Reduce Your Speaking Anxiety By Anticipating Objections
One of the primary reasons so many people fear public speaking is they are uncertain about how the audience will respond to their message. This uncertainty leads to stress. Fortunately, human behavior is fairly predictable and we have tools we can use to reduce uncertainty.
When attempting to persuade others, remember that no proposal is perfect. By addressing downsides to your idea, you will communicate to your audience that they can trust you. Conversely, if you avoid the mention of any downside, your audience may become suspicious.
How Can You Anticipate Objections?
Spend time trying to anticipate the objections your audience might have. The following list includes various information gathering strategies you could use.
Interact with your audience prior to developing your presentation to collect information.
Ask people who know your audience how they think your audience will react to your message.
Run the idea by people you trust and ask them what their objections would be.
Put yourself in the shoes of your audience and think about your proposal from their perspective. What questions would someone without prior knowledge of your proposal have?
Collect the objections you identify into a list. Then, from the perspective of your audience, rank the objections from the biggest to the smallest.
How Do You Decide Which Objections To Address?
Select the objections you will address during the presentation, and then determine the ones you will wait to address if they are raised during or after the presentation. Generally speaking, you should address an objection during your presentation:
If the objection is so big that you think your audience would stop listening once they think of it.
If the objection is big enough that you expect most people in the audience would be thinking about it.
Consider waiting for your audience to raise the objection during or after the presentation:
If the objection isn’t significant enough to warrant the attention.
If there’s a good chance your audience will not consider the objection.
Types of objections fall between the “big” and “small” I’ve defined above. When deciding which objections to address, consider your time constraint and the trade off between making your argument and addressing potential objections.
Take note of the questions that are raised during and after your presentation. If you choose not to address a particular objection and you are interrupted with a question about it or it’s one of the first questions raised during Q&A, then there is a chance you should have addressed it earlier. And if this is a presentation that you will deliver again to a similar audience, you might consider adjusting your remarks accordingly.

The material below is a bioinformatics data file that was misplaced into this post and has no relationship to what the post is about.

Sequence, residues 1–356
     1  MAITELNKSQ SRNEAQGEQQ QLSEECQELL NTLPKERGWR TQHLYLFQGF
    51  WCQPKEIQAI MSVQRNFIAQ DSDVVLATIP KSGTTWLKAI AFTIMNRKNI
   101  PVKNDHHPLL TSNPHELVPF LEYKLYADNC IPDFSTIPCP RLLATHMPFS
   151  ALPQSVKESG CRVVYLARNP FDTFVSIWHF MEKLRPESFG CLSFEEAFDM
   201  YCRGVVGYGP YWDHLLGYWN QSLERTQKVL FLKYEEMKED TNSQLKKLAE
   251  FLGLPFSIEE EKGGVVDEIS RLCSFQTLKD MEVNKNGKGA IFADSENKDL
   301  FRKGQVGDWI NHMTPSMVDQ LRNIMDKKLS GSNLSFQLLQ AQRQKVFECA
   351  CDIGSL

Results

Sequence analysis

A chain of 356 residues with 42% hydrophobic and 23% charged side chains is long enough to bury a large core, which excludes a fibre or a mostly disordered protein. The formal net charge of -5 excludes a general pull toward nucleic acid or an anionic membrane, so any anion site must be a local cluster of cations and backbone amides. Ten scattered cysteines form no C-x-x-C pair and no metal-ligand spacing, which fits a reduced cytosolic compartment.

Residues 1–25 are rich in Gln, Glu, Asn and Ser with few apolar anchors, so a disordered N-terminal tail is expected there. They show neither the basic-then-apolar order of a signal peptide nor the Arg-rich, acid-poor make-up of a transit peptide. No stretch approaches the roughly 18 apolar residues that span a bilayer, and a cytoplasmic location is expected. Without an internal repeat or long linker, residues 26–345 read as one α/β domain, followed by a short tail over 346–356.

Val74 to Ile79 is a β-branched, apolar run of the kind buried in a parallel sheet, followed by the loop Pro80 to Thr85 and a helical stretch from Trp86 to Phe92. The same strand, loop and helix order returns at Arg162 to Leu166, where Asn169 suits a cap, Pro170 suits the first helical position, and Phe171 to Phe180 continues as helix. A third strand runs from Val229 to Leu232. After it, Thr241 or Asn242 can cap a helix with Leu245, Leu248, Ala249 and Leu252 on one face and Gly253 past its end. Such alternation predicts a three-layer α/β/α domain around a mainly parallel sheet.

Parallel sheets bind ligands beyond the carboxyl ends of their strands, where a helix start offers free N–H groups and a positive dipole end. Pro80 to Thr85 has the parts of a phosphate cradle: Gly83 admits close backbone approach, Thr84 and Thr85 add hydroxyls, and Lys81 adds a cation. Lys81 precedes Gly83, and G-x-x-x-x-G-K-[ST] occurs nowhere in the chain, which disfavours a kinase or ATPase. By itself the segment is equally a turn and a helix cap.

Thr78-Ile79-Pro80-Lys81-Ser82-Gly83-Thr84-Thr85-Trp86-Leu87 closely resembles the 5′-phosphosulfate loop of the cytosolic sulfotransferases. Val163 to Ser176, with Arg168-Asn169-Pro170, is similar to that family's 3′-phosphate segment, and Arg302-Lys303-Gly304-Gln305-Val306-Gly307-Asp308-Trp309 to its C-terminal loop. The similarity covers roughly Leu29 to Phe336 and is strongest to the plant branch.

How Should You Address Objections?
Refrain from using the word objections. For example, avoid statements like: “I’ve anticipated some of your objections and will address them now.” While you should make some assumptions about your audience’s objections, most people don’t like being told that you think you know what they are thinking. Instead, weave your response to the anticipated objection into your argument.
Instead of: “You likely think this is going to be too expensive,” try saying, “This is going to increase costs in the first two years, and we’ll see the project pay for itself by year three.” The second statement recognizes an objection - without defining it as such - and addresses it without a debate-like tone.
People prefer transparency and will respect you more for it.
Being prepared to address objections during and after a presentation can shape the persuasiveness of your presentation. I’ve seen highly persuasive presentations end badly when a presenter mishandles questions from the audience. Don’t let this happen to you. If you appear caught off guard, defensive, or scattered in your response, your audience might conclude you haven’t fully thought through the implications of your proposal. However, if it appears you anticipated the question and you deliver a thoughtful response, your audience is likely to deem you more credible.
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For more information about behavior uncertainty, see: Berger, C. R., & Calabrese, R. J. (1974). Some explorations in initial interaction and beyond: Toward a developmental theory of interpersonal communication. Human communication research, 1(2), 99-112.